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Patented and introduced in 1888, The Kodak was George Eastman's legendary first modern roll-film camera bearing the new brand name "Kodak". The Kodak No. 1 of 1889 resembled the Kodak, but featured a more sophisticated shutter. When in use, the shutter was set by pulling a string; the camera was sighted by looking along a V-shape on the top of the camera. Pressing a button on the camera's side would trip the shutter and fter exposure, the key was used to wind the film to the next frame. The film moved past a shaft and rotated around it, which caused a pointer visible on the top of the camera to move, so the photographer could be sure of advancing the correct amount of film. Once 100 pictures were taken, the photographer could send the whole camera back to Kodak for film processing and reloading - at a cost of $10 ($255.41 today). Continue reading for the photographs.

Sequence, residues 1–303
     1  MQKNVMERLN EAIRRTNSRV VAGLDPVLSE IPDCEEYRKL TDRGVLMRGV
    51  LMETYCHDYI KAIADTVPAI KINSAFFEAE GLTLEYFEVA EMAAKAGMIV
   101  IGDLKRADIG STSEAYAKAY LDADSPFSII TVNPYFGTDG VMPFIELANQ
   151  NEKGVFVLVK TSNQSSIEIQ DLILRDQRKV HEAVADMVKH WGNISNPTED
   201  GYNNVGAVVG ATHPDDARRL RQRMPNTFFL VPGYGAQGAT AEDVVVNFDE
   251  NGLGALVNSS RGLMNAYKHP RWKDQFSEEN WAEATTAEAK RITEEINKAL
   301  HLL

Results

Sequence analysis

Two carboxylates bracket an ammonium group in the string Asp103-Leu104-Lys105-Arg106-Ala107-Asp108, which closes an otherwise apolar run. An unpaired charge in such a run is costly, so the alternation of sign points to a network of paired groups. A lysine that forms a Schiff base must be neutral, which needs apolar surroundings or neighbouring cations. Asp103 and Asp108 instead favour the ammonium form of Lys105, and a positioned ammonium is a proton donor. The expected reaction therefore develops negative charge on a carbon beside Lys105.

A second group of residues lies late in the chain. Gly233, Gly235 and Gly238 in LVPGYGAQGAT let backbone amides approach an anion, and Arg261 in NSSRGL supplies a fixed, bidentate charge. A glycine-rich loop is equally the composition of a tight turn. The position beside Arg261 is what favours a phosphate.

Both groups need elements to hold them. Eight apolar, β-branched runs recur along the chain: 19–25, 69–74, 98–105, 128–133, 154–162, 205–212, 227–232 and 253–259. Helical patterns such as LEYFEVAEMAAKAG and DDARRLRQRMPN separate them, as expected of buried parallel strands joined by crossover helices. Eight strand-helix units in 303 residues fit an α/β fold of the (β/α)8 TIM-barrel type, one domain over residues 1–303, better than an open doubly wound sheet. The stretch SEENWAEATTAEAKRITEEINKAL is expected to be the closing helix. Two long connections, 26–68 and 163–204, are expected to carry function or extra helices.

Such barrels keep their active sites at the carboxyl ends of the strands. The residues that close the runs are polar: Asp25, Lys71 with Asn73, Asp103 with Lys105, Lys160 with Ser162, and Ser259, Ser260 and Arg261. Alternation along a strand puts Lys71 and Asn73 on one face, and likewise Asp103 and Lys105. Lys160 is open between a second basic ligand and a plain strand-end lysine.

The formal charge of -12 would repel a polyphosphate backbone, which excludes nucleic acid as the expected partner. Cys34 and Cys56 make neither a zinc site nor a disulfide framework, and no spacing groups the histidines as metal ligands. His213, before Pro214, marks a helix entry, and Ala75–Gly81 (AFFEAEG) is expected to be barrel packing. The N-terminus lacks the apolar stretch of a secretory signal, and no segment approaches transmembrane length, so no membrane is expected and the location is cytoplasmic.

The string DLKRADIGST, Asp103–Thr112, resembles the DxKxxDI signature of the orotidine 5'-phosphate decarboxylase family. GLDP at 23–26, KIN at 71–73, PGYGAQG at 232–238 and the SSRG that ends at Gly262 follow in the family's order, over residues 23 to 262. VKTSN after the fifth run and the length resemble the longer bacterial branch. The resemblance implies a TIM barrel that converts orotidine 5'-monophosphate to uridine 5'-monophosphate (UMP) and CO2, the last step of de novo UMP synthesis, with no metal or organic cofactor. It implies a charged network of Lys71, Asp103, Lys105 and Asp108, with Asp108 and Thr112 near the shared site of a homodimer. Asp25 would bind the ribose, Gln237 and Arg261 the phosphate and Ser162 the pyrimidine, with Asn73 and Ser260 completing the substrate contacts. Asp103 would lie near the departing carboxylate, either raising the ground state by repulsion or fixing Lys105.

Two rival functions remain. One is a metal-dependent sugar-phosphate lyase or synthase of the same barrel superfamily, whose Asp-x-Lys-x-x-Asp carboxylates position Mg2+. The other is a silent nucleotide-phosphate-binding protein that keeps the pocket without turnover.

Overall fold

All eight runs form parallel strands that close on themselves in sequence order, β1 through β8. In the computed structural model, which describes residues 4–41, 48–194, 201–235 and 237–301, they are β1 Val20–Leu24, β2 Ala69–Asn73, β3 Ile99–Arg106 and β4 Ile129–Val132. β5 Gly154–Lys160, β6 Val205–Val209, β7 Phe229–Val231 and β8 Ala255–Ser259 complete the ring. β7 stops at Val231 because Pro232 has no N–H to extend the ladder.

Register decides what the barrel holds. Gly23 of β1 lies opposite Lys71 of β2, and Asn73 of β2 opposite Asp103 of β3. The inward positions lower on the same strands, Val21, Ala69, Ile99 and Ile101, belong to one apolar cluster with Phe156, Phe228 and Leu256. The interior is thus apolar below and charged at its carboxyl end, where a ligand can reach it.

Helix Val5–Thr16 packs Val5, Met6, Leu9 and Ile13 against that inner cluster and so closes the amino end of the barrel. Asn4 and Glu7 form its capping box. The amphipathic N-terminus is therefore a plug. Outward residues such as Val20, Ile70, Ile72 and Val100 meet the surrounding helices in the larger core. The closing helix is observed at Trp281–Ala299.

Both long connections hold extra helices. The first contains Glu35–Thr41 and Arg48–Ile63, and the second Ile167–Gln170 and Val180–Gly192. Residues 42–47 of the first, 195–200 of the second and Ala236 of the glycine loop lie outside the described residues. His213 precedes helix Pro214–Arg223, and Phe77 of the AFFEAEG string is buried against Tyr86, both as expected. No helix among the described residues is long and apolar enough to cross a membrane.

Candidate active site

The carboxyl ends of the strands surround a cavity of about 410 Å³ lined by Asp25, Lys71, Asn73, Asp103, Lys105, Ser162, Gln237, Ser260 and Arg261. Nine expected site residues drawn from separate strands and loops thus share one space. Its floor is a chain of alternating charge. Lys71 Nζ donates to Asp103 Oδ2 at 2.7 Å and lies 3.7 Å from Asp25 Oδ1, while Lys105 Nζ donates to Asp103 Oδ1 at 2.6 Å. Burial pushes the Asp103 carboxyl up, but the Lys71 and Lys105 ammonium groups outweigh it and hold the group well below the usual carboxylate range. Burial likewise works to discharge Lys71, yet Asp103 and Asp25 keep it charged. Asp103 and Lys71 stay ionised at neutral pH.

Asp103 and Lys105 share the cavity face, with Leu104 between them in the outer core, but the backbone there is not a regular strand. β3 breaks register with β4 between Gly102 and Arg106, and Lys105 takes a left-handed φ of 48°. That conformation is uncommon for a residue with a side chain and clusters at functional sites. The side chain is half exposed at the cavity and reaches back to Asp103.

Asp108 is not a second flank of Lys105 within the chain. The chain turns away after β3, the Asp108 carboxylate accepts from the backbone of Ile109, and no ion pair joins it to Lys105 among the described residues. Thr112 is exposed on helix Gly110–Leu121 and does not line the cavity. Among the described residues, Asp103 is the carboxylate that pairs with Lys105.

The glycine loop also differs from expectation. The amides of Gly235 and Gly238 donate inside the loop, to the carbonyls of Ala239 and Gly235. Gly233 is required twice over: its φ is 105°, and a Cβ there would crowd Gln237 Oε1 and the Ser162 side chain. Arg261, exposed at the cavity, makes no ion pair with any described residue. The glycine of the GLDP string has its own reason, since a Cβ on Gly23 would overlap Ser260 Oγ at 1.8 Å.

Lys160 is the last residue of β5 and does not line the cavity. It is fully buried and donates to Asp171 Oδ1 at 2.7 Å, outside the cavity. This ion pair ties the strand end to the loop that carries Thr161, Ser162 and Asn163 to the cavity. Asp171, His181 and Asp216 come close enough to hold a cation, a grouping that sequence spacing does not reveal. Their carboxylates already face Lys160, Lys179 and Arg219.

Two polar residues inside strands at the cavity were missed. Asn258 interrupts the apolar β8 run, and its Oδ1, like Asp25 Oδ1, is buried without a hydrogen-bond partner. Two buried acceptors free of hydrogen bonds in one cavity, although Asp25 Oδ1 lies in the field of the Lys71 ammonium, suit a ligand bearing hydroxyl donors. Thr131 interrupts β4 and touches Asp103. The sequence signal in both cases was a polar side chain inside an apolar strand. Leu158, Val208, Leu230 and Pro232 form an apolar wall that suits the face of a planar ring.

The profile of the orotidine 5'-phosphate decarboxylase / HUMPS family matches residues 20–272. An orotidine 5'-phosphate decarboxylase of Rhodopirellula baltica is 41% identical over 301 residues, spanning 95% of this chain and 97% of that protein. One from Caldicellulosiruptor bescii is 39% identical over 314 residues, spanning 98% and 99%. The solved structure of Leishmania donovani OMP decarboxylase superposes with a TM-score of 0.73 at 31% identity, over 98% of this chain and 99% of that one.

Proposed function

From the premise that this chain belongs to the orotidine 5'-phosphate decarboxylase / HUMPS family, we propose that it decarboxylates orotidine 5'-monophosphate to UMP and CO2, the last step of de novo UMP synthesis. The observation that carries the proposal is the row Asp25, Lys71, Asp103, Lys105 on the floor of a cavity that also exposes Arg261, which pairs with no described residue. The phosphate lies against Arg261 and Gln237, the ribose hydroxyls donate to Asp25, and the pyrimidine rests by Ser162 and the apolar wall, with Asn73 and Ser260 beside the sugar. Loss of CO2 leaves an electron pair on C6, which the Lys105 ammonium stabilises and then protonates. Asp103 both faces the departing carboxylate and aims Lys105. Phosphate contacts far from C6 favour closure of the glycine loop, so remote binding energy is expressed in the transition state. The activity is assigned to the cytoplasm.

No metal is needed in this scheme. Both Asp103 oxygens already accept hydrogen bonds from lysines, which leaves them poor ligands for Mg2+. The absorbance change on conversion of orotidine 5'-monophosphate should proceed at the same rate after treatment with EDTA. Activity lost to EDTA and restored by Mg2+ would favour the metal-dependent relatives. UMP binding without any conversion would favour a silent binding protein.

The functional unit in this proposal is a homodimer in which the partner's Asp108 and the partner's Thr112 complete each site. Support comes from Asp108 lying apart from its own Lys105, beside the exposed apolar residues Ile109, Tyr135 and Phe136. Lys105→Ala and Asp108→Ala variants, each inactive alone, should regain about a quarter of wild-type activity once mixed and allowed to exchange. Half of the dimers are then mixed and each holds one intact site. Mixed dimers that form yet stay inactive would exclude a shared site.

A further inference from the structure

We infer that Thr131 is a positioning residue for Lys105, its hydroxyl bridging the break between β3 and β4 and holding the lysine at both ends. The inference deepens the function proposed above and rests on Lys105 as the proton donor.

This entry was posted on 04/30 03:30am and is filed under A Look Back, Photography, Technology .
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